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Forward declare a templatized class

P: n/a
I know this has been asked before, but I just can't find the answer in
the sea of hits...

How do you forward declare a class that is *not* paramaterized, but is
based on a template class?

Here's what I thought should work, but apparently doesn't:

class Foo;
void f1(Foo* p)
{
}

template<class T>
class FooBase
{
};

typedef FooBase<int> Foo;

This barks that Foo is redclared with different basic types. What am I
missing?

Jan 29 '06 #1
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23 Replies


P: n/a
ma********@notlimited.com wrote:
I know this has been asked before, but I just can't find the answer in
the sea of hits...

How do you forward declare a class that is *not* paramaterized, but is
based on a template class?

Here's what I thought should work, but apparently doesn't:

class Foo;
void f1(Foo* p)
{
}

template<class T>
class FooBase
{
};

typedef FooBase<int> Foo;

This barks that Foo is redclared with different basic types. What am I
missing?


The following works:

template<class T> class FooBase;
typedef FooBase<int> Foo;

void f1(Foo* p)
{
}

template<class T>
class FooBase
{
};

I'm not sure if there's a less clumsy way of doing it; one that doesn't
require two lines to forward declare.

--
Ben Radford
"Why is it drug addicts and computer aficionados are both called users?"
Jan 29 '06 #2

P: n/a
Ben, I appreciate you're taking the time to reply to my post, but it
looks like I wasn't clear enough. The code I included was meant to be
a condensed example of a larer code base.

Let me be more clear.

If the first four lines are in one header file (imagine
proj_utility.h), and the remaining lines are in another header file
(say foo.h), then imagine a third file that includes both headers. The
sequence of statements the compiler will process as it works through
the compilation unit will look like what I originally posted.

Your solution assumes I know what Foo is implemented in terms of which
is exactly what I'm trying to remove from F1()'s header file. Worse,
if I did go ahead and do this, then if the declaration of Foo ever
changed in foo.h, I'd have to go back to proj_util.h and make the same
change. I hope you see how gross that is.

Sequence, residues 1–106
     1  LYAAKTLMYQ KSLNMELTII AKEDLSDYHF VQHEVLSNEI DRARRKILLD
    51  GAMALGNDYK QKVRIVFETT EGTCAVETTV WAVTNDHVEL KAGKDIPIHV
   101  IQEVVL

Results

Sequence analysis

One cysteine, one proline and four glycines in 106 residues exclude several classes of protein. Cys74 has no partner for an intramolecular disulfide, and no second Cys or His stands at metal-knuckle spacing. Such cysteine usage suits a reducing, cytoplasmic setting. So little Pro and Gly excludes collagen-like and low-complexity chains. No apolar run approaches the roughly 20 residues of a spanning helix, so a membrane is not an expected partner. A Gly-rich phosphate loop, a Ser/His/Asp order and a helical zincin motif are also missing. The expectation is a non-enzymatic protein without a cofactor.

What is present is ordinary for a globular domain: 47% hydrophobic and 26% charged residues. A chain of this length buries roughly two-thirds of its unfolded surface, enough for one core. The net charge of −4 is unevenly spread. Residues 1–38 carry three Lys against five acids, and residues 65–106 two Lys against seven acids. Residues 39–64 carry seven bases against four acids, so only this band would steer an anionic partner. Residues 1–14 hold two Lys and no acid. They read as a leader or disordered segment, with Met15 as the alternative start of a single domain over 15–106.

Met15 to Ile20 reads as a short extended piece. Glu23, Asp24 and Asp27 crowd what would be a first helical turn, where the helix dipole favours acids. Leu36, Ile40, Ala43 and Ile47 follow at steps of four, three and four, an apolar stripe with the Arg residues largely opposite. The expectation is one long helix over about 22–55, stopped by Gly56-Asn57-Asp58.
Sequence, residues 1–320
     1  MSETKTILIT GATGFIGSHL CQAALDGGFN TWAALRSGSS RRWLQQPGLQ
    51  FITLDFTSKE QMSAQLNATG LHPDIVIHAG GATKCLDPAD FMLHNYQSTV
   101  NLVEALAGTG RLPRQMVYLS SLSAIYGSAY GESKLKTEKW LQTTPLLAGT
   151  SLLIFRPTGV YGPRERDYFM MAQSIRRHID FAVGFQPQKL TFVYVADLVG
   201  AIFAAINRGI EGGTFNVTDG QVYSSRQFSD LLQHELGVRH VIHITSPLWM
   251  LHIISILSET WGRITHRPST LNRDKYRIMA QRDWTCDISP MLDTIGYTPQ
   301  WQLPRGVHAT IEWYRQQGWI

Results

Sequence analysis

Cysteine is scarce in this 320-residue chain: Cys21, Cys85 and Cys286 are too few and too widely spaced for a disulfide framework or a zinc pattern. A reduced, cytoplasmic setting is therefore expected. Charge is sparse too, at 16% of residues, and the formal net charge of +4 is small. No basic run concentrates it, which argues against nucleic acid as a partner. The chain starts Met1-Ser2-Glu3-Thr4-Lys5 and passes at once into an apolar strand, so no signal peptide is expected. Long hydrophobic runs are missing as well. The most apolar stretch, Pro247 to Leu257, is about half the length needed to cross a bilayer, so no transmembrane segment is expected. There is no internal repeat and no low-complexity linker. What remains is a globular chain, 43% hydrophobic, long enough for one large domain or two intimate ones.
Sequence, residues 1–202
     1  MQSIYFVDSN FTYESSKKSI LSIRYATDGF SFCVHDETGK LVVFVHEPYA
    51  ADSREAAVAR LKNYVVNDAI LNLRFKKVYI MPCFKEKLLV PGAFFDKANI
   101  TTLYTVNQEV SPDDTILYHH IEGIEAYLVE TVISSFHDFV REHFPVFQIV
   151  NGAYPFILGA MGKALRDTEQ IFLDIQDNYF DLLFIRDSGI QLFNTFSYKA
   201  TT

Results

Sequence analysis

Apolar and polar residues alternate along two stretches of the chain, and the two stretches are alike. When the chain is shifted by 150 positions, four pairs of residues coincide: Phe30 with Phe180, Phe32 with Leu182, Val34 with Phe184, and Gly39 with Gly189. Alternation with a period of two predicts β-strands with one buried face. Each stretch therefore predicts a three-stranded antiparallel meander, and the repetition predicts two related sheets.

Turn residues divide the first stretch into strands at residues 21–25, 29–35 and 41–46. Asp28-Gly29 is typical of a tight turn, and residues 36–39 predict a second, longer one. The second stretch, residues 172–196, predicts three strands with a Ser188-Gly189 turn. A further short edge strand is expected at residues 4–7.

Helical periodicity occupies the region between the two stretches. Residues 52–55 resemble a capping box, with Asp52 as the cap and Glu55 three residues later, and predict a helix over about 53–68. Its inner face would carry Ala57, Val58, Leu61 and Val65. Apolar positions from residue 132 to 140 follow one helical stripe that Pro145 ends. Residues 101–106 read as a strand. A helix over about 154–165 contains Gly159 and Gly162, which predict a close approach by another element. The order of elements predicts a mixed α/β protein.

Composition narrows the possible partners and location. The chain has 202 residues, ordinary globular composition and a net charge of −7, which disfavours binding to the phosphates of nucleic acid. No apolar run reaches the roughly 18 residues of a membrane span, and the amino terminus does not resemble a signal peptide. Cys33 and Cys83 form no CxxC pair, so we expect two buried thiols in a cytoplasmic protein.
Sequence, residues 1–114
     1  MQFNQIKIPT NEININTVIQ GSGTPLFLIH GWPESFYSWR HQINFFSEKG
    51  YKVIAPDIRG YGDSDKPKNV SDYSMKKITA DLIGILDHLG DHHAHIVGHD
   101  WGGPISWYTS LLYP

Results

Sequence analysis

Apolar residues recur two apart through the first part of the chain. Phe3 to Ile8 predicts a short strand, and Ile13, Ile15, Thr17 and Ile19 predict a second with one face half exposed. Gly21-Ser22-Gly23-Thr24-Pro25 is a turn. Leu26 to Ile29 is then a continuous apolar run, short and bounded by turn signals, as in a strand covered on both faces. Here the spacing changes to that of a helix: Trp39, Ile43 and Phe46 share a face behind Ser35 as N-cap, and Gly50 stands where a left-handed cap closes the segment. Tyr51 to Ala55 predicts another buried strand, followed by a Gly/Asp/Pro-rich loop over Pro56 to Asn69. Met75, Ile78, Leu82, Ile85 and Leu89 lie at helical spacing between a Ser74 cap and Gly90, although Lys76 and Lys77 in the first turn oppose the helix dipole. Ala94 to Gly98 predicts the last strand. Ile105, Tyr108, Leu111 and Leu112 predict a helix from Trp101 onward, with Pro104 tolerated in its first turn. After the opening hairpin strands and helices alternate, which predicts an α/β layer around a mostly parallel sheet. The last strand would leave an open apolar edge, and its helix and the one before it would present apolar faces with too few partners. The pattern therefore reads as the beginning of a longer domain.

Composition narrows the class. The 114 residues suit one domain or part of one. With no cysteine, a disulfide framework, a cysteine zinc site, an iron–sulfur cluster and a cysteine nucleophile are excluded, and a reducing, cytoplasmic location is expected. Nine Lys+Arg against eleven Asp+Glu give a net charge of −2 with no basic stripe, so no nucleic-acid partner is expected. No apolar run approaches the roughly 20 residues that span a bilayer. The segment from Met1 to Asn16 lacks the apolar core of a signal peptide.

So, anybody know how to forward declare a class based on a templatized
class like I've illustrated?

Jan 29 '06 #3

P: n/a
ma********@notlimited.com wrote:
So, anybody know how to forward declare a class based on a templatized
class like I've illustrated?


Yes. Unfortunately, that's not what you've illustrated. A "typedef"
directive does not create a new type, it creates an alias. There is no
forward-declaration of such aliases. Which is no surprise -- for
example, we can't forward-declare namespaces, either.

If you want to accomplish this effect by creating a new type
functionally identical with, but distinct from the associated template
instantiation, you should be able to get what you want through trivial
public inheritance. For example:

class IntVec3d;
void f(IntVec3d v);
template <typename T> class Vec3d { /*...*/ };
struct IntVec3d : Vec3d<int> { /* EMPTY */ };

Does that satisfy?

Luke

Jan 29 '06 #4

P: n/a
Luke, definitely interesting. And, I do understand your point. The
typedef doesn't introduce a new type.

Your solution implies I have control over the definition of Foo (or
IntVec3d in your example). This isn't the case for my design. If you
imagine "Foo" being "std::string", you might be able to appreciate the
issue.

With that said, your post did get me to think about the solution:

//header1.h
// Forward declare Foo
template<class T> class FooBase;
typedef FooBase<int> Foo;
// Refer to Foo without using it directly
void f1(Foo* p)
{
}

//header2.h
// Actual declaration of Foo (needed to use Foo)
template<class T>
class FooBase
{
};
typedef FooBase<int> Foo;

This works, and decouples the two headers. But, this requires exposing
a lot more knowledge than it should. Normally for types that are
referenced, but not used, all you need to know (or expose) is its name
(e.g. class Fee).

However, if a type is ilemented in terms of an underlying template
(definitely an irrelevant implementation detail), you need to expose
the class' name, the name of its template along with the template's
signature (number of parameters), and even worse, the particular
instantiation of the underlying template. That's a dramatically
increased surface area for no useful reason.

At least I've got a work around now, so thanks Luke! Is there a better
way to decouple the two interfaces?

Jan 29 '06 #5

P: n/a
Ben, after re-reading your post, I realized you hadt exactly right.
Sorry for misunderstanding it at first. -MM

Jan 29 '06 #6

P: n/a
ma********@notlimited.com wrote:
Luke, definitely interesting. And, I do understand your point. The
typedef doesn't introduce a new type.
Exactly. Yet you seem to still be clinging to the notion that somehow
the typedef is a "class implemented in terms of" the template
instantiation it is an alias for -- this is not the case.
Your solution implies I have control over the definition of Foo (or